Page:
Saturday, September 08, 2018

A Dark Brown Dog


A Dark Brown Dog is a 1901 Stephen Crane short story. Such a hard, sad tale! You can read it online here. It begins,
A Child was standing on a street-corner. He leaned with one shoulder against a high board-fence and swayed the other to and fro, the while kicking carelessly at the gravel.

Sunshine beat upon the cobbles, and a lazy summer wind raised yellow dust which trailed in clouds down the avenue. Clattering trucks moved with indistinctness through it. The child stood dreamily gazing.

After a time, a little dark-brown dog came trotting with an intent air down the sidewalk. A short rope was dragging from his neck. Occasionally he trod upon the end of it and stumbled.

He stopped opposite the child, and the two regarded each other. The dog hesitated for a moment, but presently he made some little advances with his tail. The child put out his hand and called him. In an apologetic manner the dog came close, and the two had an interchange of friendly pattings and waggles. The dog became more enthusiastic with each moment of the interview, until with his gleeful caperings he threatened to overturn the child. Whereupon the child lifted his hand and struck the dog a blow upon the head.

11 comments:

  1. I am not good with sad dog stories. Just your little bit here is tough. OK, not for me. happy Saturday-maybe you'll read or watch something cheerier. hugs-Erika

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    1. It was hard to make it through that one :( I'd rather read horror than sadness any day.

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  2. This was NOT sad, but beyond it. This was narcissistic, cruel, and should never have been featured in a collection of tales for high school kids. There's enough abuse in this world already, and it just goes to show how abuse is handed down from parent to child.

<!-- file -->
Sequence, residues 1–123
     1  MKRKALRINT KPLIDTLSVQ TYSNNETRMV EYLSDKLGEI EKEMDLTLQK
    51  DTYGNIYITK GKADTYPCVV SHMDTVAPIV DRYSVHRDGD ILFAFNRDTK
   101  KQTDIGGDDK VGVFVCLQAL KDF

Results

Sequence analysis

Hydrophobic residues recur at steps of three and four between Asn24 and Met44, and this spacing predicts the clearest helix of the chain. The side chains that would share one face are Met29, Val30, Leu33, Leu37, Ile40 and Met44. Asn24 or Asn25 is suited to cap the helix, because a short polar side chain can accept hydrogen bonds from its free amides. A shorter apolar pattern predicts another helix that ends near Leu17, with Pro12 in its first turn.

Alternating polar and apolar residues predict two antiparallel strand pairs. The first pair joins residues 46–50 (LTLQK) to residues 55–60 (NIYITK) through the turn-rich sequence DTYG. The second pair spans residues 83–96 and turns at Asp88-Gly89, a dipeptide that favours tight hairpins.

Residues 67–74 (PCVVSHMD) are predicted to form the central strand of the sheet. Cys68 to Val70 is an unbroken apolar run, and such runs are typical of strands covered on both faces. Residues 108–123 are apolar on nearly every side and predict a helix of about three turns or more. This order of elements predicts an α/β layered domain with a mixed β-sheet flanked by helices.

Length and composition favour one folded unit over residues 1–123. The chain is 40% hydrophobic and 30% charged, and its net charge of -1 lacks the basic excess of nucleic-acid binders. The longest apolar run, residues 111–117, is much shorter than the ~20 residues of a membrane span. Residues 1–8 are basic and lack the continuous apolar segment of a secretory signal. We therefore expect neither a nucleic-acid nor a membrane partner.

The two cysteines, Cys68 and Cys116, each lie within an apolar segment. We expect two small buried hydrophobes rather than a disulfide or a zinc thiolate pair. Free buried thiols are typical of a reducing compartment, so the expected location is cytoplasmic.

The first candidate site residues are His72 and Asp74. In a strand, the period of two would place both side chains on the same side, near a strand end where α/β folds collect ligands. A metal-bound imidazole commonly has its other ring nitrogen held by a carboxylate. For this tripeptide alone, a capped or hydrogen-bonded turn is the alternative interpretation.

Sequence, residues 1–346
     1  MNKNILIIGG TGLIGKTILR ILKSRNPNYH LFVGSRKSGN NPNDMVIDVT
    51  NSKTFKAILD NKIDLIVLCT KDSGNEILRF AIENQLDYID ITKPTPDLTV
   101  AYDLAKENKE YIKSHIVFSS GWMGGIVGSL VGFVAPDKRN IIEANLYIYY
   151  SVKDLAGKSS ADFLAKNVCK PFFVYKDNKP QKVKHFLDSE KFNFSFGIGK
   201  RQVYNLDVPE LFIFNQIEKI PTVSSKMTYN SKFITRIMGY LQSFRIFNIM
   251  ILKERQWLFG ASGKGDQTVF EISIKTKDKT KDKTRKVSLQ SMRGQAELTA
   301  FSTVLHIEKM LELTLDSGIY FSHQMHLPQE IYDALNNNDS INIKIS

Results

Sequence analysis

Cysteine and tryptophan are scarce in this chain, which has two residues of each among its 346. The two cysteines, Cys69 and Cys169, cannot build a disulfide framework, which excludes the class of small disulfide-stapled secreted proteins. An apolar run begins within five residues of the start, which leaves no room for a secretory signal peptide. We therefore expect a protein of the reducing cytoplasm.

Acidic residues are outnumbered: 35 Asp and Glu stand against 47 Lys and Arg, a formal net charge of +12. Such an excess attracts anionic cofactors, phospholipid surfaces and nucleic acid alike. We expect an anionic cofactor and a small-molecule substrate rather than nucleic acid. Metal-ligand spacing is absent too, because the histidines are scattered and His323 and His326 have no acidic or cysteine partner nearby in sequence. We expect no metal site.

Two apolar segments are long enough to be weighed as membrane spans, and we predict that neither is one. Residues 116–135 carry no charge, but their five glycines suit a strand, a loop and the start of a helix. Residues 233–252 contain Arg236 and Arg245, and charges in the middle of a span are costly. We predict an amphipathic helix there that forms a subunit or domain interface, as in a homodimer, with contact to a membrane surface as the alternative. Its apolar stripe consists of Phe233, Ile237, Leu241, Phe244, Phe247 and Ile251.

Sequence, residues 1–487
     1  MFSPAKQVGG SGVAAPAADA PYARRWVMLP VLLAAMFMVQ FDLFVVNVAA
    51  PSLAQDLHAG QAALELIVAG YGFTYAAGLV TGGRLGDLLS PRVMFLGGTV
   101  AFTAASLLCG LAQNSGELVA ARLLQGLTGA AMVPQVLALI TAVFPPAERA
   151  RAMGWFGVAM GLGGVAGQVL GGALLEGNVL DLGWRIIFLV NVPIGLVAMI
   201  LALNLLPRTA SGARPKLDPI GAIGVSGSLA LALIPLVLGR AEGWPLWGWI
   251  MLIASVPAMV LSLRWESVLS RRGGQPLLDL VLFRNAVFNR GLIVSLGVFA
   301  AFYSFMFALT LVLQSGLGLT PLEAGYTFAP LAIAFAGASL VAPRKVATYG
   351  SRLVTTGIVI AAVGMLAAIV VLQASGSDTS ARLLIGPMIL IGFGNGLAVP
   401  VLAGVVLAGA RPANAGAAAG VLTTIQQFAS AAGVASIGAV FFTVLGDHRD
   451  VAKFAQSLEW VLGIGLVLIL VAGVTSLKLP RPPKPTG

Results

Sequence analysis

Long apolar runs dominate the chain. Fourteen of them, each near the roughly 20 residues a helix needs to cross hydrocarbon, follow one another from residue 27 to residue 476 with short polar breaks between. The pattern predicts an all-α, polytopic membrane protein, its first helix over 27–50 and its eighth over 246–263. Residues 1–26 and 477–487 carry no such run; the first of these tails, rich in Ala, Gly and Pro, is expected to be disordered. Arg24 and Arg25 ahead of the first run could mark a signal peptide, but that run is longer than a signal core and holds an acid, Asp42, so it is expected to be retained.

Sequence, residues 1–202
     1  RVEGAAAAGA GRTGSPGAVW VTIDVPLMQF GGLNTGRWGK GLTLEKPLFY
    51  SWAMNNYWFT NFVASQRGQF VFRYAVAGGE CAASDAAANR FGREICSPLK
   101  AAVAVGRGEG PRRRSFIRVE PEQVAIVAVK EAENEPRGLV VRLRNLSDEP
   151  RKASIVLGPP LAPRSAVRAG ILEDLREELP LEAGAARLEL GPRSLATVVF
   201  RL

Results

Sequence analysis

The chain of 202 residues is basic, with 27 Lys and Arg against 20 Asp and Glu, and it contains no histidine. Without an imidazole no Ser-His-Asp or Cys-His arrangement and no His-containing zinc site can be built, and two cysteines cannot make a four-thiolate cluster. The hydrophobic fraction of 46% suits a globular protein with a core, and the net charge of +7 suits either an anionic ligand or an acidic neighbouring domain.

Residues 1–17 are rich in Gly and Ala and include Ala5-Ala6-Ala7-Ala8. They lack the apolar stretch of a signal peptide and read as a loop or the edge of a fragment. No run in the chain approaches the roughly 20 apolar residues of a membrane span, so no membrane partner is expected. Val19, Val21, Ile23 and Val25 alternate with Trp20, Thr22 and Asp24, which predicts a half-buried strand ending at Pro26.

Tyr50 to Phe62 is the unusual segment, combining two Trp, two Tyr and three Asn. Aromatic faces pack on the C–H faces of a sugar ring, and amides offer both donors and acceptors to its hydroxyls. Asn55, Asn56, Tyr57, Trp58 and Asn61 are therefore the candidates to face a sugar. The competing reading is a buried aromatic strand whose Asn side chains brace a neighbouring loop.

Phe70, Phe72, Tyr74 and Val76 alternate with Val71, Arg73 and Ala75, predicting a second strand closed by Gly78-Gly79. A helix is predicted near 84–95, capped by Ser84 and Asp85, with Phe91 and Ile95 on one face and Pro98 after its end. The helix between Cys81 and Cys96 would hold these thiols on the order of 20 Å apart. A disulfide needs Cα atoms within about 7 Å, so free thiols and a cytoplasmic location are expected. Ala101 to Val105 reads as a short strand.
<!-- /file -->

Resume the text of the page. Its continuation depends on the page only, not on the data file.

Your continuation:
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    1. It was first published in Cosmopolitan, March 1901, and I think serves well as it was intended -as an allegory about the South with the dog representing the freed slaves during Reconstruction.

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    2. Somehow I missed the allegory part. Possibly because I only saw what was on the surface, the dog, the cruelty, and the abusive father.

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  3. What a hard, cruel story - but unfortunately the fate of many poor animals. Valerie

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    1. Isn't it! Definitely a cruel tale.

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  4. Back from a blogging break, I'm so happy to find this still running. I love the Stephen Crane story "The Open Boat" - very hard hitting. This looks to be the same. Will read it.

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    1. It's hard to believe he was only 28 when he died, isn't it :( He achieved so much in such a short career.

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